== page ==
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Another hypothesis: base additions and deletions


Internal suppressors: the Theory of Mutagenesis
Sydney Brenner Scientist
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Of course, at the same time we were doing all of this genetic work and round about then we… Francis had started to play around in the lab with mutants. And his idea was he would look at internal suppressors of these mutants. Now, for example, one thing he proposed to test by this method was the following: that the message was read off the DNA as follows, it went up one chain and then came down the other chain, you see. That would mean, if you got a mutation, it would affect a protein here – OK – but you could compensate for it by mutation in a completely different place. So he was trying to ask whether there was some kind of interaction. And his first mutants didn't give him much joy; he started with a few of the base analogue ones. By the way, Dick Feynman started to do similar experiments in Cal Tech, looking for these internal suppressors and probably discovered the same phenomena. Now, where Francis found there were innumerable suppressors was with the acriflavine mutants. So you could start with a mutant, you could get changes that compensated for it, right, and this became now very difficult to explain all this very complex set of relationships, by something that interacted at the protein level – although you couldn't exclude it, say. We all knew that it was possible to get a mutation here which would alter a protein and then we would get another mutation elsewhere which corrects it. It's called an internal suppressor. But not with a kind of extent. Now, we also were labouring under this terrible... paradox, and it's always these paradox that, you know, you… you have to keep on coming back… how can… how can these two things exist and not be explained, you know? And of course we all know what I call Occam's Broom hypothesis, or Occam's Brush in America, which is that hypothesis of which the minimum number of facts have to be swept up under the carpet in order to have a consistent theory. Now, what had happened was that Freese, or Freese I should call him, had given an explanation which was roughly the following: In the DNA we can look at two kinds of changes. One of these we'll call transitions; and that is where we say a purine... one purine goes to the other purine, or, which is equivalent, one pyrimidine goes to the other pyrimidine. So cytosine to thymine is a transition, as is guanine to adenine. And then we talk about transversions, where a purine goes to a pyrimidine, and of course there are two kinds of… several kinds of transversions. Well, what Freese had come to the conclusion was the two orthogonal sets of mutants – that is, the set of base analogue mutants which were revertible by base analogues, and the set of now acridine mutants which were not – that one could be transversions and one could be transitions. Right. That was that theory of mutagenesis, as it was called. But if that were the case, you know, we had another paradox all mapped at the same… all mapped at different positions, and you would effectively expect this.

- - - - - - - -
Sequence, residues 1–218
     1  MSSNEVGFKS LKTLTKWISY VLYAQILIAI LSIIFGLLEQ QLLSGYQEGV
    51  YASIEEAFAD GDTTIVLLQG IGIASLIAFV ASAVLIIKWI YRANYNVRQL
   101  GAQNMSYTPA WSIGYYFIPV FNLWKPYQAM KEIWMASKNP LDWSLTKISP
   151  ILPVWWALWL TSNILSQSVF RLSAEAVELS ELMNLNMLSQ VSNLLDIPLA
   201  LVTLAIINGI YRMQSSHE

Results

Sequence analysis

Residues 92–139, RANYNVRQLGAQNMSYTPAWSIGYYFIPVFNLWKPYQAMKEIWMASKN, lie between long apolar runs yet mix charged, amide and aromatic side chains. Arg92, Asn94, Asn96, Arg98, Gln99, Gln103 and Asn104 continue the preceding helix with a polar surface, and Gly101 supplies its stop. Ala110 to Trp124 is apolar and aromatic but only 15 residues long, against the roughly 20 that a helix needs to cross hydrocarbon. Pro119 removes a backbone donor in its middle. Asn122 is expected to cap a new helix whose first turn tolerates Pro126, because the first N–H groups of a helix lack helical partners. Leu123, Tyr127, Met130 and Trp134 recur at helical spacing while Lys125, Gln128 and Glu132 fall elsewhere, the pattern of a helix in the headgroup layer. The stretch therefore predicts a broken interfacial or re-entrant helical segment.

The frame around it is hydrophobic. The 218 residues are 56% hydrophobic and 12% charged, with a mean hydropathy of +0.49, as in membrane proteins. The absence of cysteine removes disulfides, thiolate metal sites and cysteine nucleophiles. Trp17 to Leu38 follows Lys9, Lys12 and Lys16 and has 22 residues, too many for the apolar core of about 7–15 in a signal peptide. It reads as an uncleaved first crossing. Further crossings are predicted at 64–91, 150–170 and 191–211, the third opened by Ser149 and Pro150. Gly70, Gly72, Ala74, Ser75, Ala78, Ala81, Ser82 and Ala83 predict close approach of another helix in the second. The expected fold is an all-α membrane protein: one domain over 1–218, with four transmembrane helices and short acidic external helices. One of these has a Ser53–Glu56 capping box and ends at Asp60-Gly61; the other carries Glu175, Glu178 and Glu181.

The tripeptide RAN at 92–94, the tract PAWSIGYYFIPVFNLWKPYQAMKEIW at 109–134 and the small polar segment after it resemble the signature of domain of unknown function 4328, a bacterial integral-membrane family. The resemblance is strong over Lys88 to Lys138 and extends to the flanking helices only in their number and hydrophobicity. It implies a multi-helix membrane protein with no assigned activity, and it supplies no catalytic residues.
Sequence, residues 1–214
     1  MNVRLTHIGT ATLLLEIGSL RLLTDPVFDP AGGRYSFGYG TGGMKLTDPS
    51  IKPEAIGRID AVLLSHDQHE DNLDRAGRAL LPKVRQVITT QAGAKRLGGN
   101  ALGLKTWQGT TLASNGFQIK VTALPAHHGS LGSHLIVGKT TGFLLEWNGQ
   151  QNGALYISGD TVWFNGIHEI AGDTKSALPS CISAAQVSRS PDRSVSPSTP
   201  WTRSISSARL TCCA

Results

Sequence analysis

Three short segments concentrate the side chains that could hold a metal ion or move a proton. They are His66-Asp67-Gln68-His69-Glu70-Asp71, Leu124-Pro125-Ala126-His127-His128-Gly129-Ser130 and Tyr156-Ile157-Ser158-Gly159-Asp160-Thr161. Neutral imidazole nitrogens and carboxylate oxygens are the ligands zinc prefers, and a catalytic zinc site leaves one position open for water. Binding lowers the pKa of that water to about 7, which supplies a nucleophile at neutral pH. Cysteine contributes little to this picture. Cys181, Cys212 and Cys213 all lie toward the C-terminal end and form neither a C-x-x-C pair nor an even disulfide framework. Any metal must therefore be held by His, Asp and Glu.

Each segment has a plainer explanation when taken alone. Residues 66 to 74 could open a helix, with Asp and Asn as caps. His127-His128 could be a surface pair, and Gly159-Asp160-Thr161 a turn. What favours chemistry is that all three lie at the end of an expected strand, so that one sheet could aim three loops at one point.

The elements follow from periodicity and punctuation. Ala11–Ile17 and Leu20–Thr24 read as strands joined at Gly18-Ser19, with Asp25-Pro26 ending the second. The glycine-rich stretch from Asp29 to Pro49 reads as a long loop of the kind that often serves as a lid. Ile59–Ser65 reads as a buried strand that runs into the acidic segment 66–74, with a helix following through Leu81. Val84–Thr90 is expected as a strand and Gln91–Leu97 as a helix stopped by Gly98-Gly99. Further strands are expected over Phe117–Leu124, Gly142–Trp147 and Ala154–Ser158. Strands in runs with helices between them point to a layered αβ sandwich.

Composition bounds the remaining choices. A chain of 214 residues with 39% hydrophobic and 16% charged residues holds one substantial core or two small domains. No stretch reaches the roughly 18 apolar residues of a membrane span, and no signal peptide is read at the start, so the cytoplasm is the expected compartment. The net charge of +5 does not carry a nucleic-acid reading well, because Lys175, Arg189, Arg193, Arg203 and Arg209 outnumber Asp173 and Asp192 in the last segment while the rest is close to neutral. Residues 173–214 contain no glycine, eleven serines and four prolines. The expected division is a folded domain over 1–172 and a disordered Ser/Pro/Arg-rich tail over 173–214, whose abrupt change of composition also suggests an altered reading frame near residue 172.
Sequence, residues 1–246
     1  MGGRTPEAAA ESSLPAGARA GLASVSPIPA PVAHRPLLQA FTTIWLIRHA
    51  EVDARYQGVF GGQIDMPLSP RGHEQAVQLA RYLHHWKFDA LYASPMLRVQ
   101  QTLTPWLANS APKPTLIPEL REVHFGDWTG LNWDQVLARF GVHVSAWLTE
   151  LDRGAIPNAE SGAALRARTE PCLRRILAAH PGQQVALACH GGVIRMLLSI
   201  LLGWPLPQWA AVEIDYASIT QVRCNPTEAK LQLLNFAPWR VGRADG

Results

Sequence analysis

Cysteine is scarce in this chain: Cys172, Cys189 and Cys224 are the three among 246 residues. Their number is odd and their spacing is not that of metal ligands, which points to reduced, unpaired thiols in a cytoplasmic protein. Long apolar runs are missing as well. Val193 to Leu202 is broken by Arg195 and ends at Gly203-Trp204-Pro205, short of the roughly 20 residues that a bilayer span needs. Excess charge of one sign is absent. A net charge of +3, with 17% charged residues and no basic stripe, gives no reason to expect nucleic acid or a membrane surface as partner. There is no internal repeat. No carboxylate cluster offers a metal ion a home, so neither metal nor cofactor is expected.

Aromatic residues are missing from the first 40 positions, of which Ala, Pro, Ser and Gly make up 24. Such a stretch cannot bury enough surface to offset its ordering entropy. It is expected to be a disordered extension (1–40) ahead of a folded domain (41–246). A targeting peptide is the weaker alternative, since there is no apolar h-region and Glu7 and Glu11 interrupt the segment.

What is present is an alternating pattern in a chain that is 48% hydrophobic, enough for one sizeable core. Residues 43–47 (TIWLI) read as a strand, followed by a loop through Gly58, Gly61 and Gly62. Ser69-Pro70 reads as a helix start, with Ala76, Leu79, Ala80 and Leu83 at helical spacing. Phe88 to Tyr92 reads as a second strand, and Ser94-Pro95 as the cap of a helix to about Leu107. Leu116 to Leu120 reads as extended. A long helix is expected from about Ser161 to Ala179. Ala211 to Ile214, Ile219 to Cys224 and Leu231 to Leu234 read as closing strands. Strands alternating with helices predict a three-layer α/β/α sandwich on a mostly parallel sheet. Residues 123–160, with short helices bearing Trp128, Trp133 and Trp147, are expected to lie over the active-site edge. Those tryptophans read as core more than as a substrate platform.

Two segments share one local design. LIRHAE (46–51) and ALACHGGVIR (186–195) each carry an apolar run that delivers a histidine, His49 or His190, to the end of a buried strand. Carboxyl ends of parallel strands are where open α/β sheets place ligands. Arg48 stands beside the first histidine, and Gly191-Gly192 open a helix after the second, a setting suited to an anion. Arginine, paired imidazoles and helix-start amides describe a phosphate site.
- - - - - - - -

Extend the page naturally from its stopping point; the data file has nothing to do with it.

South African Sydney Brenner (1927-2019) was awarded the Nobel Prize in Physiology or Medicine in 2002. His joint discovery of messenger RNA, and, in more recent years, his development of gene cloning, sequencing and manipulation techniques along with his work for the Human Genome Project have led to his standing as a pioneer in the field of genetics and molecular biology.

Listeners: Lewis Wolpert

Lewis Wolpert is Professor of Biology as Applied to Medicine in the Department of Anatomy and Developmental Biology of University College, London. His research interests are in the mechanisms involved in the development of the embryo. He was originally trained as a civil engineer in South Africa but changed to research in cell biology at King's College, London in 1955. He was made a Fellow of the Royal Society in 1980 and awarded the CBE in 1990. He was made a Fellow of the Royal Society of Literature in 1999. He has presented science on both radio and TV and for five years was Chairman of the Committee for the Public Understanding of Science.



Listen to Lewis Wolpert at Web of Stories



Tags: Cal Tech, Francis Crick, Richard Feynman, E Freese

Duration: 4 minutes, 8 seconds

Date story recorded: April-May 1994

Date story went live: 24 January 2008